A new agreement between the private and public sector is bringing additional investment into coastal ecosystem repair and sustainable farming to help restore the health of the GBR, remove CO2 from the atmosphere and reduce the impact of climate change.

In a first for Australia, GreenCollar is bringing a market based approach to reducing land based pollution to the reef through environmental repair, building on its core business of removing carbon pollution from the atmosphere by storing it in vegetation and soils.

GreenCollar co-founder, James Schultz, expects the arrangement of collaborative alliances will increasingly maximise a diverse range of investment in environmental projects.

“We plan to bring together a range of partnerships in the coming months that will see the income from our carbon projects used to underpin a larger scale of investment into biodiversity, water quality, ecosystem protection and restoration,” said Mr Schultz.

Land based pollution has been responsible for the declining health of the GBR which has lost 50% of its coral cover since it was World Heritage Listed in 1981. Now the growing impact of climate change has caused bleaching and further loss of coral cover across vast areas of the reef, the long term impact of which is still being assessed.

An agreement between the Queensland Government and the private sector GreenCollar Group, the Catchment Conservation Alliance (CCA), was recently expanded to include the Queensland Natural Resource Management (NRM) groups.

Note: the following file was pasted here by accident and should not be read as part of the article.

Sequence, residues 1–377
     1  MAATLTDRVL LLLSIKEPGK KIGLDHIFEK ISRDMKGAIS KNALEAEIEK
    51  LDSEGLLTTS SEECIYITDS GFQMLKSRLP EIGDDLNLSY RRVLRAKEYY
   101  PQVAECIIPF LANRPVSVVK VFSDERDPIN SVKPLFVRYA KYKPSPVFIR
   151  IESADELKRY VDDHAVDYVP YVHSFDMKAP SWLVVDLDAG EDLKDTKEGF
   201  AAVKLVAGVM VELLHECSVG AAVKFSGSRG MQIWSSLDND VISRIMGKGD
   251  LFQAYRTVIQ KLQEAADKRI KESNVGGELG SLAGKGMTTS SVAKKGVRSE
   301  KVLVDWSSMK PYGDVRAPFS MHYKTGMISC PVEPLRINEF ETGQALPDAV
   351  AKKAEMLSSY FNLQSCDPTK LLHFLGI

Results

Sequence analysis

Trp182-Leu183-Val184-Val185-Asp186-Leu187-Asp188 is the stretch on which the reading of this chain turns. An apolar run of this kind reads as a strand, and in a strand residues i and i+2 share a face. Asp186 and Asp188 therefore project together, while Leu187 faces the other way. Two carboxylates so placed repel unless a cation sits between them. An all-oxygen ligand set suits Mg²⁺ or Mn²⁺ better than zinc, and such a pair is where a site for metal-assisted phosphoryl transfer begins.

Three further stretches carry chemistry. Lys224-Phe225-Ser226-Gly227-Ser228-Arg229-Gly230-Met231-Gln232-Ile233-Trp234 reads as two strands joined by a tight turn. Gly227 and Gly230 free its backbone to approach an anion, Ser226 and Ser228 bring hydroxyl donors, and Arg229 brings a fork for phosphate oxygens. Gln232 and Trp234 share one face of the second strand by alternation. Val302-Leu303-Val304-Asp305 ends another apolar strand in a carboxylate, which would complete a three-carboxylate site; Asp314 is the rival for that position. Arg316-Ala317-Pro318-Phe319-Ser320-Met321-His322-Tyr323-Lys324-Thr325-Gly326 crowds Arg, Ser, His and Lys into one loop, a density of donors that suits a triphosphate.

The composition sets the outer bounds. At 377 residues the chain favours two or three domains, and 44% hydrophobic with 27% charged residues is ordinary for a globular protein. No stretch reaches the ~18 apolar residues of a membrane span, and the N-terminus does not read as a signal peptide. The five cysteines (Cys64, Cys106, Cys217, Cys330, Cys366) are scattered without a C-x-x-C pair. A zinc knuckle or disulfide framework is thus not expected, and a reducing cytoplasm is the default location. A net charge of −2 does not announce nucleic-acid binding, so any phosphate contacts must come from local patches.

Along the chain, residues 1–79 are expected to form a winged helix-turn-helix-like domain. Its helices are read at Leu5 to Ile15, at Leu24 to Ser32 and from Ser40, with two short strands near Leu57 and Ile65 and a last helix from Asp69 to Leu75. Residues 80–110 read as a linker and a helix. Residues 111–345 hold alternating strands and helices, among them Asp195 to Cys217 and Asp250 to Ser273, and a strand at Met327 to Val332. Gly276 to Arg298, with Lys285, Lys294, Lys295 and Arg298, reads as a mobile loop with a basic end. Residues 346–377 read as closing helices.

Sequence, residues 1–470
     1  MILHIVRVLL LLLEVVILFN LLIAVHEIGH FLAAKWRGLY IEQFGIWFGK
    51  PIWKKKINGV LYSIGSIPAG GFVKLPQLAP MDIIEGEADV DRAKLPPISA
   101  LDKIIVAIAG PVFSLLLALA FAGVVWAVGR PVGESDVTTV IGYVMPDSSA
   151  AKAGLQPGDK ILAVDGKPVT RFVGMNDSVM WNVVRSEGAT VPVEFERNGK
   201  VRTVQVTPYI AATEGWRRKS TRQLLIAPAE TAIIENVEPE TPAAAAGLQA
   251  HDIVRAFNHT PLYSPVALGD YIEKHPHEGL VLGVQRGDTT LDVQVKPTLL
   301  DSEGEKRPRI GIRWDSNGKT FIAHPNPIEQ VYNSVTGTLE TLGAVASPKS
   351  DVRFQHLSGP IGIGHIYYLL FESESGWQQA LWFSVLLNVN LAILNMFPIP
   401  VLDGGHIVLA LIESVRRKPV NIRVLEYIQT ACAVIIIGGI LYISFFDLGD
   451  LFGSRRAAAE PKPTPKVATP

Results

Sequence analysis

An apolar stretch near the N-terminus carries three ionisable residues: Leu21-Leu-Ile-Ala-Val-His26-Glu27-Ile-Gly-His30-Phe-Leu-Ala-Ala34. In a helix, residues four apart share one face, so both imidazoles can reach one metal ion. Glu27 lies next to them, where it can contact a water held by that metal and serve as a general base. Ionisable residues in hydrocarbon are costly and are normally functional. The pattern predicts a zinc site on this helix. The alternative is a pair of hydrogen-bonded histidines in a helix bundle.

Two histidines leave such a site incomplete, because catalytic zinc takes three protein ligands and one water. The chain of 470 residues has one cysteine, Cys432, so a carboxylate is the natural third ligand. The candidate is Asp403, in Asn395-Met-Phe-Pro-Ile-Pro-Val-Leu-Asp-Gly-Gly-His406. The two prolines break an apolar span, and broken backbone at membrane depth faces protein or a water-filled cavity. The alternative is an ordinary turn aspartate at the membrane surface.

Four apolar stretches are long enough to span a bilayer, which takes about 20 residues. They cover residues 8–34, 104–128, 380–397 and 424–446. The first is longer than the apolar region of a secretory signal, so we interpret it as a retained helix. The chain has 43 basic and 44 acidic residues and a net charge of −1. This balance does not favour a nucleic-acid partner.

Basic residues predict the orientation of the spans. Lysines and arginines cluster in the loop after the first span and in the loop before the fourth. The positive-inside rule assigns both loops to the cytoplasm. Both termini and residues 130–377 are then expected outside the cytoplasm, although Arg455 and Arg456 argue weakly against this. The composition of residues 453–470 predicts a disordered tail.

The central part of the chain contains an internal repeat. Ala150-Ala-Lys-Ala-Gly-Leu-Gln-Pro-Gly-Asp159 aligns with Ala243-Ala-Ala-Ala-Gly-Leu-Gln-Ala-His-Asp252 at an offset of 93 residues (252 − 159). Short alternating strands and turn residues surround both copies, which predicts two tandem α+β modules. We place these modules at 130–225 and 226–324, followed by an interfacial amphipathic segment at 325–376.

The focus of the Alliance is to ensure carbon stored by growing trees along waterways, on degraded lands, in wetlands and on floodplains will filter nutrient and sediment pollution that has been the primary cause reef decline prior to climate change impacts.

Under the newly negotiated CCA, more than AU$250 million is now to be invested into the Queensland coastal landscapes over the next ten years. This investment is specifically available for the purpose of undertaking carbon storage projects with a focus on ‘whole of catchment’ restoration and conservation.

The GreenCollar agreement also intends to leverage this investment of AU$250 million 10-fold through establishing further advantageous collaborations.

Mr Schultz said “This investment differs from existing environmental grants in that it pays farmers and graziers to store carbon providing an additional commodity and source of income to the agricultural sector. It therefore supports the economy and rural communities and is the start of making the environment an asset for the agricultural sector, rather than a liability as it has been perceived till now.”

“Alliances between the Department of Environment and Heritage Protection, NRM regional bodies, local government and agencies across the State will work together to maximise the co-benefits to the environment,” explains Mr Schultz.

Carole Sweatman, CEO of Terrain, the Wet Tropics NRM region, speaking on behalf of the six Reef NRM regions, believes the regions and their partners in agriculture and conservation are bonded by a shared recognition of the many benefits of storing carbon in the landscape.

“We are delighted to work with GreenCollar as they have a clear commitment to ensuring that their projects realise landscape wide environmental benefits,” she said. “Importantly, the GreenCollar Group’s vision goes beyond carbon storage as the only environmental protection strategy, to include biodiversity, water quality and soil health.”

According to Co-Director and Co-founder, Lewis Tyndall, “GreenCollar will continue to set the standard for innovative solutions to meet the challenges of climate change.”

“As a global leader, in providing an environmental markets-based approach to climate change, we are committed to expanding our operations into environmental impact investment, sustainable agriculture, collaborative research and the renewable energy markets” he said.